- Damarious Randall (UFA/69 special teams snaps)
- Ethan Pocic (UFA/68 special teams snaps)
- Shaquem Griffin (RFA/68 special teams snaps)
- Jordan Simmons (RFA/67 special teams snaps)
- Shaquill Griffin (UFA/49 special teams snaps)
- Neiko Thorpe (UFA/47 special teams snaps)
- Mike Iupati (UFA/44 special teams snaps)
There are obviously a significant number of names on that list about which fans are unlikely to worry much. The trio of exclusive rights free agents in Neal, Stephens and Stanley seem almost certain to be back in 2021 on minimum ERFA tenders, while veterans such as Damontre Moore, Randall and Iupati played less critical members of the team in 2020 and may not be back next season.
However, digging in to certain names in the above group, there will certainly be questions regarding who will be the special teams leaders in 2021. While Bellore and Hollister are at the top of the list, there is certain to be a group of fans clamoring for the Hawks to bring back Shaquem to pick up a significant number of special teams snaps, just as he did in 2018 and 2019. However, depending on how tight the cap crunch is for teams across the league, what could jump up and shock some is the fact that veterans like Bellore, Hollister and Thorpe could potentially carry a lower cap hit than Shaquem.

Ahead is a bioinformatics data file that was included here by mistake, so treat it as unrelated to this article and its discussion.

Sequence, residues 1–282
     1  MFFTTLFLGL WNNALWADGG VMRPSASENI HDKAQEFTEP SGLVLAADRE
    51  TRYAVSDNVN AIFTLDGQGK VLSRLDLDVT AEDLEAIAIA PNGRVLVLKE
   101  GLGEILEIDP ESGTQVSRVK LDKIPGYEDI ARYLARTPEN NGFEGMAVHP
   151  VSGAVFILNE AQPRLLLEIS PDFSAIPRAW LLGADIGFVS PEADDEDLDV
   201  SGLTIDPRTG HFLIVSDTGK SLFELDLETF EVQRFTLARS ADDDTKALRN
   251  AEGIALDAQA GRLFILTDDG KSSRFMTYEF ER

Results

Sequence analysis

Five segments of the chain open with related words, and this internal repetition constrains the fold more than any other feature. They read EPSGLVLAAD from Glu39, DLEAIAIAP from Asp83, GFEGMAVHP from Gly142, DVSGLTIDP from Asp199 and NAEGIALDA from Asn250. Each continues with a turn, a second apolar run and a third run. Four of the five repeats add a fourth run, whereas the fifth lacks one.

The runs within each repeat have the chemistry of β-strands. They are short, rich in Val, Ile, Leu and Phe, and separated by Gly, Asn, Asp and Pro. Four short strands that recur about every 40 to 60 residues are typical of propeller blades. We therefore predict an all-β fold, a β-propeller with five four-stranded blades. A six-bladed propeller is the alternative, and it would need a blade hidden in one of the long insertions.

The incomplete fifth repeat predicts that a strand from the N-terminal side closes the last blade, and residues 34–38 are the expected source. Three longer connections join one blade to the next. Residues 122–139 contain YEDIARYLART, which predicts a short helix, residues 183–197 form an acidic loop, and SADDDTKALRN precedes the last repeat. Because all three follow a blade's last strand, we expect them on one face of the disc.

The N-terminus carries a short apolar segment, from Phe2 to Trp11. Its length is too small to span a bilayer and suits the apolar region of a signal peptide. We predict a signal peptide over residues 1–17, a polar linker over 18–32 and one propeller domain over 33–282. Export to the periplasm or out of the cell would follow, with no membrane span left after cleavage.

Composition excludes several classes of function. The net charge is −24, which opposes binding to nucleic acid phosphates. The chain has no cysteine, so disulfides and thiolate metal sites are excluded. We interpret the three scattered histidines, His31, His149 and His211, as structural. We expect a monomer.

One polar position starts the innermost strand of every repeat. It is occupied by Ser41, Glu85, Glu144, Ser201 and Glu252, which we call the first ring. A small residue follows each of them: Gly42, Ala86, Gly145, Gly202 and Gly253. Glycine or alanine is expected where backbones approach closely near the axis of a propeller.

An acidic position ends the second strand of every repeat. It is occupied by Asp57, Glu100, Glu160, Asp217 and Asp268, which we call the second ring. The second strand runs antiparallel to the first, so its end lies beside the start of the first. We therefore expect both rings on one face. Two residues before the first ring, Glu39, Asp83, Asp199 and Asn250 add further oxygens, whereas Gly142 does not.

If the Seahawks non-tender Shaquem as a restricted free agent, he then becomes an unrestricted free agent. If, at that time, he then signs a minimum salary contract, based on his three credited seasons his minimum salary for 2021 would be $920,000. In contrast, one of the more veteran players of Bellore, Hollister or Thorpe could sign a veteran contract that would be for a larger amount but carry a smaller cap hit. A minimum contract signed by one of these three would carry the following minimum salaries and cap hits:
- Bellore (10 credited seasons): salary $1,075,000; cap hit $850,000
- Thorpe (8 credited seasons): salary $1,075,000; cap hit $850,000
- Hollister (4 credited seasons): salary $990,000; cap hit $850,000
The counter argument is that $70k is a drop in the bucket in terms of the millions of dollars many teams will need to trim off their cap commitments for 2021, and that is certainly true. However, compounding the squeeze on fourth year players will be the savings that can be had by the signing not only of more experienced players, but less experienced players as well.
In addition, in 2021 fourth year players who have demonstrated they can provide depth when called upon but have yet to establish themselves as starters will also see a challenge from rookies. Depth is fantastic, but when push comes to shove and teams across the league need to free up cap space, it’s likely there will be multiple fourth year players who see their jobs handed to first and second year players who cost less against the cap. In short, those players who enter 2021 with three credited seasons will be feeling the squeeze from both sides, and may need to show something extra during training camp to earn a spot on the 53 this fall.